Armed conflict


Widespread human rights abuses continued throughout Darfur. Civilians were displaced in large numbers as a result of violence between warring communities and attacks by government-allied militias and armed opposition groups.

In late February the government deployed the RSF in Darfur. The RSF drew many of its recruits from the former Janjaweed militias that in previous years were responsible for serious human rights violations, including unlawful killings and rape. The RSF destroyed scores of villages, causing a significant increase in displacement and civilian deaths.

Between January and July an estimated 388,000 people were displaced in Darfur, in addition to the 2 million displaced since the conflict in Darfur began in 2003. Many of those internally displaced were in remote areas where they received little or no humanitarian assistance and were vulnerable to attacks, abduction and sexual violence. On 22 March, the Khor Abeche camp for internally displaced persons in South Darfur was attacked by a group of armed men who looted and burned the camp to the ground.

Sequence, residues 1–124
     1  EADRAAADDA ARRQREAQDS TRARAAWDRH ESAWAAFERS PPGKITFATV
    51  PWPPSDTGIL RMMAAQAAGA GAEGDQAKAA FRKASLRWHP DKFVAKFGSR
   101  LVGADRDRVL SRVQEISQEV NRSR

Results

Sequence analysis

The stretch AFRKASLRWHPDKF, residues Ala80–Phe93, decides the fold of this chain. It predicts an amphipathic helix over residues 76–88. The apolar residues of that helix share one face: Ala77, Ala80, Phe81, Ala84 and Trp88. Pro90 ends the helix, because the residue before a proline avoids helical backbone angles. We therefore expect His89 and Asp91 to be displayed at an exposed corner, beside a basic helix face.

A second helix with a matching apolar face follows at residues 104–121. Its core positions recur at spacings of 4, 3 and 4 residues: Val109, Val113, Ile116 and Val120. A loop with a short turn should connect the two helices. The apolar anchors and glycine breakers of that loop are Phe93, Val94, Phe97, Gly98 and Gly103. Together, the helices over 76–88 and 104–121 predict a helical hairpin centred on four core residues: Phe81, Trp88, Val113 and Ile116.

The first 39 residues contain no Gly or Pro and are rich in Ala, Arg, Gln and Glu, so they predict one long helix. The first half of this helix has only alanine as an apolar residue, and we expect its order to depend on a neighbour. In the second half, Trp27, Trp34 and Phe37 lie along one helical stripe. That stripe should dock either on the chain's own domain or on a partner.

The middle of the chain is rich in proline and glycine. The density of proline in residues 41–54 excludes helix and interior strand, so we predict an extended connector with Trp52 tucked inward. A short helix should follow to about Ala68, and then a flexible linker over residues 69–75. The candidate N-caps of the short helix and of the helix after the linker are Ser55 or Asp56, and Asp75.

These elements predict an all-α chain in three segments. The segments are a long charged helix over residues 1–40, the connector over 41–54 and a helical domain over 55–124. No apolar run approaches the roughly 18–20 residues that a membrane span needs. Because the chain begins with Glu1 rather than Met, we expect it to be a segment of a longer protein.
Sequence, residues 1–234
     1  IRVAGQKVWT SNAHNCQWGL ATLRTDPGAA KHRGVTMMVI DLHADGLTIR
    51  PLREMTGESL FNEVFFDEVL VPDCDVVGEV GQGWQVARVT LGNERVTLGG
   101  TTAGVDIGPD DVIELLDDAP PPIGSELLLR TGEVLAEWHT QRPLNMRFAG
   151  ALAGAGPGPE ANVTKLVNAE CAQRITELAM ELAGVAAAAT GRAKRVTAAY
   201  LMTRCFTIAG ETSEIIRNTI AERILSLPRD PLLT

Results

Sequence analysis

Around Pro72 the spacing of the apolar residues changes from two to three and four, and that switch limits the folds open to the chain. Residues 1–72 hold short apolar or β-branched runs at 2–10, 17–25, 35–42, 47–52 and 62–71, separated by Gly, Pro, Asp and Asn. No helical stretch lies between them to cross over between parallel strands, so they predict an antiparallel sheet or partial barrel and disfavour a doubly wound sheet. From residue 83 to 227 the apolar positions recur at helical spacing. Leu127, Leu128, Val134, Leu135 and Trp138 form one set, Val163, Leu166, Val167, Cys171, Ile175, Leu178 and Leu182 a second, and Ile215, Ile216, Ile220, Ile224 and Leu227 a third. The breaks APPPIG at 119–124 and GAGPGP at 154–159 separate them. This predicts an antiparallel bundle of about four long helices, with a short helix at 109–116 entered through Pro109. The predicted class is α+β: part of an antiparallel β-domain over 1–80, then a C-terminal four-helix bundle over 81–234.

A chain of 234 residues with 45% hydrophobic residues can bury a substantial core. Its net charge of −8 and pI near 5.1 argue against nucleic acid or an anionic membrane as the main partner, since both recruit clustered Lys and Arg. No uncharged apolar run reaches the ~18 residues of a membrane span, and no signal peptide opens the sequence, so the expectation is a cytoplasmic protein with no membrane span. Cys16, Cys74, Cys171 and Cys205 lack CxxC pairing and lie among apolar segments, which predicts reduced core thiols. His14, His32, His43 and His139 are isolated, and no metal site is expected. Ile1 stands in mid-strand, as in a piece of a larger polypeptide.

The government continued to restrict access to areas of Darfur affected by conflict to the AU, the United Nations Mission in Darfur (UNAMID) and humanitarian organizations. In February, the International Committee of the Red Cross' main activities were suspended, while other organizations, such as the French development organization Agence d'Aide à la Coopération Technique et au Développement (ACTED), had their offices shut down.

On 2 July, UN Secretary-General Ban Ki-moon announced a review of investigations and reviews into UNAMID performance that had been carried out over the previous two years. This review, which was concluded in October, was announced in response to allegations that UNAMID staff had covered up human rights abuses in Darfur. The review did not find any evidence to support the allegations. However, it found that UNAMID had a tendency to under-report and maintained media silence in incidents involving human rights violations.

South Kordofan and Blue Nile